Two-way coupling between Ecosim (EwE-F) and a biogeochemical model of the Baltic Sea

Muller-Karulis B., Akoğlu E. , Tomczak M., Gustafsson B.

Ecopath 35 Years: Making Ecosystem-Based Management Operational, Florida, United States Of America, 4 - 11 December 2019, pp.29

  • Publication Type: Conference Paper / Summary Text
  • City: Florida
  • Country: United States Of America
  • Page Numbers: pp.29


The Baltic Sea is heavily affected by eutrophication, with ambitious nutrient load reduction schemes in
place to reduce algal growth and the secondary effects of increased productivity, such as increased
turbidity and the spread of anoxic bottoms. Forcing an Ecosim model of the Central Baltic food web with
observed and predicted productivity trends suggest that changes in primary production channel strongly
into the pelagic food web, modifying the predation pressure on phytoplankton grazers.
To include the feedback of higher trophic levels onto primary producers into simulations, we coupled the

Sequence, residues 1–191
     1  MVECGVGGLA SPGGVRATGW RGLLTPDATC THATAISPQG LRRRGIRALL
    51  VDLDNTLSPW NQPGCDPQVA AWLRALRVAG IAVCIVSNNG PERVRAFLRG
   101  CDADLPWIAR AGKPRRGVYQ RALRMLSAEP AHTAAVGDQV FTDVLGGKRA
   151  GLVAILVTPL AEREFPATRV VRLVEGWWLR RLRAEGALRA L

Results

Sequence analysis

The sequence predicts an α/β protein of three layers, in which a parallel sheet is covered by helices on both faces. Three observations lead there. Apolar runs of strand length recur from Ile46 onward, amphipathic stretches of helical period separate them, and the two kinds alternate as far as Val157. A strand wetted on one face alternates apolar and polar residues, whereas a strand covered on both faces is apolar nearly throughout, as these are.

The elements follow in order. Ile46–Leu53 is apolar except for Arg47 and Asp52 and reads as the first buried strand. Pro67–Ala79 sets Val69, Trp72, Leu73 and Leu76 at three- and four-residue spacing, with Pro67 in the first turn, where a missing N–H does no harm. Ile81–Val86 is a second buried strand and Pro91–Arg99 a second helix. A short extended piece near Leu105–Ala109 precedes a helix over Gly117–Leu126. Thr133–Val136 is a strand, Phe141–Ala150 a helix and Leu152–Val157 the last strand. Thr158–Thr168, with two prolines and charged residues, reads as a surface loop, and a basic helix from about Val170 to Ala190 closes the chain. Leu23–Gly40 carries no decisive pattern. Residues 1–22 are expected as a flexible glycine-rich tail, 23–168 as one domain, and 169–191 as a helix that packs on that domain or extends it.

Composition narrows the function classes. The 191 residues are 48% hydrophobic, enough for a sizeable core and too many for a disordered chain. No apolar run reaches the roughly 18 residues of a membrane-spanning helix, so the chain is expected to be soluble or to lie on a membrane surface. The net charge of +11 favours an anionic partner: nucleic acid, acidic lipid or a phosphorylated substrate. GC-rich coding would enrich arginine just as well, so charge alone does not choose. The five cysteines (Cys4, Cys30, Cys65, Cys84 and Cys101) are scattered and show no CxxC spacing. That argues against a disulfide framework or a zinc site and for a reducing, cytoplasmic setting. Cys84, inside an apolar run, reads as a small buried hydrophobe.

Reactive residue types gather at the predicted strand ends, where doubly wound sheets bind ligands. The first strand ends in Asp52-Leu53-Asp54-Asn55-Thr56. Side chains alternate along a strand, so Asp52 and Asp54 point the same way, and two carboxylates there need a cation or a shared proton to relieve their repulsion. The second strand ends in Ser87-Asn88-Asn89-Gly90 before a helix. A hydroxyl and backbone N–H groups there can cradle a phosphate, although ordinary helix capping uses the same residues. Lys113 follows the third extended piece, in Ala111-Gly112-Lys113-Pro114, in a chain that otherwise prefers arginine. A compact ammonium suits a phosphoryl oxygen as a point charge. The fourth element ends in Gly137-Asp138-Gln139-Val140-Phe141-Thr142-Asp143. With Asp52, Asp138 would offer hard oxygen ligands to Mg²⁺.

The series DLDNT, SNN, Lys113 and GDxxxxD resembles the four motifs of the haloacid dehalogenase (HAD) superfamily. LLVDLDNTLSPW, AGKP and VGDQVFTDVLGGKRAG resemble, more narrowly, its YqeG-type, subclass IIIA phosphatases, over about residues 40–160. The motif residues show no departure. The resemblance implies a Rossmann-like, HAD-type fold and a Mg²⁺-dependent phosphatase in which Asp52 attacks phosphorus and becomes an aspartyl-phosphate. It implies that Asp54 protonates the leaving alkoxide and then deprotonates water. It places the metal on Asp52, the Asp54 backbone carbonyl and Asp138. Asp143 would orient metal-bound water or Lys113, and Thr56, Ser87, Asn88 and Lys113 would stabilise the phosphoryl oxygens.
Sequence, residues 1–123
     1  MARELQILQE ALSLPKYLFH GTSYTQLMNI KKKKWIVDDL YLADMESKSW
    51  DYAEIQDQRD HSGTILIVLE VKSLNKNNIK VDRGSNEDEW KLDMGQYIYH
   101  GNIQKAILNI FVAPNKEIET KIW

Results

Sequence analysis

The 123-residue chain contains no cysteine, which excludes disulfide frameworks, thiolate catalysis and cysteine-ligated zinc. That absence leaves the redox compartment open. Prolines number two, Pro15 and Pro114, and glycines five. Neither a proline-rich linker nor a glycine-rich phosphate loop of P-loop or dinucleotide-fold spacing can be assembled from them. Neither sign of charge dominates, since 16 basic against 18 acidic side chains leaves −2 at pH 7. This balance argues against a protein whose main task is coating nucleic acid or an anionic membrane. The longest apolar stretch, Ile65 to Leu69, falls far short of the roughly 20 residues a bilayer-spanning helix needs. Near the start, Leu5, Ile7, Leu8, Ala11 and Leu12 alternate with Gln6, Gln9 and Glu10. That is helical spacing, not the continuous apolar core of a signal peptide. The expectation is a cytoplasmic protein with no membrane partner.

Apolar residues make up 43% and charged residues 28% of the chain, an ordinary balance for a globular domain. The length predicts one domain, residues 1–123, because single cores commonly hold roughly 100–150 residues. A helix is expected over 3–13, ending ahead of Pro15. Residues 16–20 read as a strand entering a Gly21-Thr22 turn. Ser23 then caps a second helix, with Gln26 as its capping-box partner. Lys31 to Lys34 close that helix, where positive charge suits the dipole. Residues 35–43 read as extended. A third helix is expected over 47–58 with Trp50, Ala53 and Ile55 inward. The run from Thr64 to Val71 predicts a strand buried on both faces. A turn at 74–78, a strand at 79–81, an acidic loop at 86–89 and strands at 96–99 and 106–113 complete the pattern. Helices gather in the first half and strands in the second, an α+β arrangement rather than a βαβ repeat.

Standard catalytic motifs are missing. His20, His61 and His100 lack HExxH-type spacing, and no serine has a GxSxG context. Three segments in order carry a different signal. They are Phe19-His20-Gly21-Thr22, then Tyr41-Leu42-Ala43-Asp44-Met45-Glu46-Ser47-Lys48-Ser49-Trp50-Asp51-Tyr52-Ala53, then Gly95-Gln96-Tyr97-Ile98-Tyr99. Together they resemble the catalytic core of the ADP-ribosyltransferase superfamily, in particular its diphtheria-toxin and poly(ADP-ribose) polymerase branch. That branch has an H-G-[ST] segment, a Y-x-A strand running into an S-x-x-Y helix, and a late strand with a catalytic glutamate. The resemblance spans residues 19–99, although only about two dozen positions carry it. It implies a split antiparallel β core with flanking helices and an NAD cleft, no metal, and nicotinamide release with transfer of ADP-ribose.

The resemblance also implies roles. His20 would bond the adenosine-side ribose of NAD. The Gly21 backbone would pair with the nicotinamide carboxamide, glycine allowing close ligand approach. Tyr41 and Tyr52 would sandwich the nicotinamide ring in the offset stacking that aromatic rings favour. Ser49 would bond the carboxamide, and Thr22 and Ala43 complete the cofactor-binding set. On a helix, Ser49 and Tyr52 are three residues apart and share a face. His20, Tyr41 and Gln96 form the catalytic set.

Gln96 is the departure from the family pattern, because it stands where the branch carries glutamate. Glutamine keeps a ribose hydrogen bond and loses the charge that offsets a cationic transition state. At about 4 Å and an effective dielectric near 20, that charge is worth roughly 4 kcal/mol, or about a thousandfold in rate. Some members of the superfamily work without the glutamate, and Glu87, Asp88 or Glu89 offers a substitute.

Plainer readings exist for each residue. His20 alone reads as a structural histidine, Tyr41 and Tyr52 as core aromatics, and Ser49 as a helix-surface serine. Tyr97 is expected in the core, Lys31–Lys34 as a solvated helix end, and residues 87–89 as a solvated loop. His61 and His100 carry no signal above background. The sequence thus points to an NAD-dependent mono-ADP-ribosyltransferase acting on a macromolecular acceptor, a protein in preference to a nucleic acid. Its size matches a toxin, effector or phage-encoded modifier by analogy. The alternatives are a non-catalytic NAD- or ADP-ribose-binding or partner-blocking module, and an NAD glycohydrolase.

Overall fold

Fortran version of Ecopath with Ecosim (EwE-F) to the BALTSEM biogeochemical model of the Baltic
Sea. In their coupled code, both models share phytoplankton and detritus components: BALTSEM
calculates phytoplankton growth based on nutrient concentrations and available light; and as a loss term,
EwE-F provides predation mortality of phytoplankton that is calculated applying the foraging arena theory.
Similarly, EwE-F components produce inputs to BALTSEM sediment and suspended detritus variables,
such as non-predation mortality or unassimilated food, and use the BALTSEM detritus variables as a food
Since nutrient turnover within the Baltic pelagic food web is about ten times as large as the riverine input
of nitrogen and phosphorus, small imbalances in simulated nutrient fluxes can generate sources or sinks
that easily reach the magnitude of planned nutrient load reductions. To ensure closed nutrient cycles, we
track the nutrient intake for each consumer based on fixed prey stoichiometries. We have introduced
compensatory nitrogen and phosphorus fluxes into EwE-F that describe the excretion of nutrients that are
not incorporated into predator growth, and included nutrient limitation functions for EwE-F consumers.
Coupling the zero-dimensional EwE-F food web model to the one-dimensional, vertically resolvedBALTSEM biogeochemical model creates vertical fluxes between the BALTSEM depth layers. We will
therefore also discuss strategies to describe the transfer of carbon and nutrients between the food web
and the biogeochemical model.